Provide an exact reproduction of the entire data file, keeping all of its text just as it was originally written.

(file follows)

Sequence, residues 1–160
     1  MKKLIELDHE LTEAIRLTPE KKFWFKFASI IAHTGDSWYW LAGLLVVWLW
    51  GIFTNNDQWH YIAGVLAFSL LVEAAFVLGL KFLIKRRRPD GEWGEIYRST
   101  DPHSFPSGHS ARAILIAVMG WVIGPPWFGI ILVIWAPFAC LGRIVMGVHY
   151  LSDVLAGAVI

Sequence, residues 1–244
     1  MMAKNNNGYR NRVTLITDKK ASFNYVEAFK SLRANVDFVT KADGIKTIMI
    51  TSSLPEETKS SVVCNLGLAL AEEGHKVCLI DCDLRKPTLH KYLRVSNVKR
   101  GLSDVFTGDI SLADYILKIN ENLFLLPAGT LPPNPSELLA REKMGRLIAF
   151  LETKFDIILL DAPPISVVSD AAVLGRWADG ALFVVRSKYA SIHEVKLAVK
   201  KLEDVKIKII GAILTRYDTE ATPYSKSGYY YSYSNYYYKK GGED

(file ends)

Sequence, residues 1–160
     1  MKKLIELDHE LTEAIRLTPE KKFWFKFASI IAHTGDSWYW LAGLLVVWLW
    51  GIFTNNDQWH YIAGVLAFSL LVEAAFVLGL KFLIKRRRPD GEWGEIYRST
   101  DPHSFPSGHS ARAILIAVMG WVIGPPWFGI ILVIWAPFAC LGRIVMGVHY
   151  LSDVLAGAVI

Sequence, residues 1–244
     1  MMAKNNNGYR NRVTLITDKK ASFNYVEAFK SLRANVDFVT KADGIKTIMI
    51  TSSLPEETKS SVVCNLGLAL AEEGHKVCLI DCDLRKPTLH KYLRVSNVKR
   101  GLSDVFTGDI SLADYILKIN ENLFLLPAGT LPPNPSELLA REKMGRLIAF
   151  LETKFDIILL DAPPISVVSD AAVLGRWADG ALFVVRSKYA SIHEVKLAVK
   201  KLEDVKIKII GAILTRYDTE ATPYSKSGYY YSYSNYYYKK GGED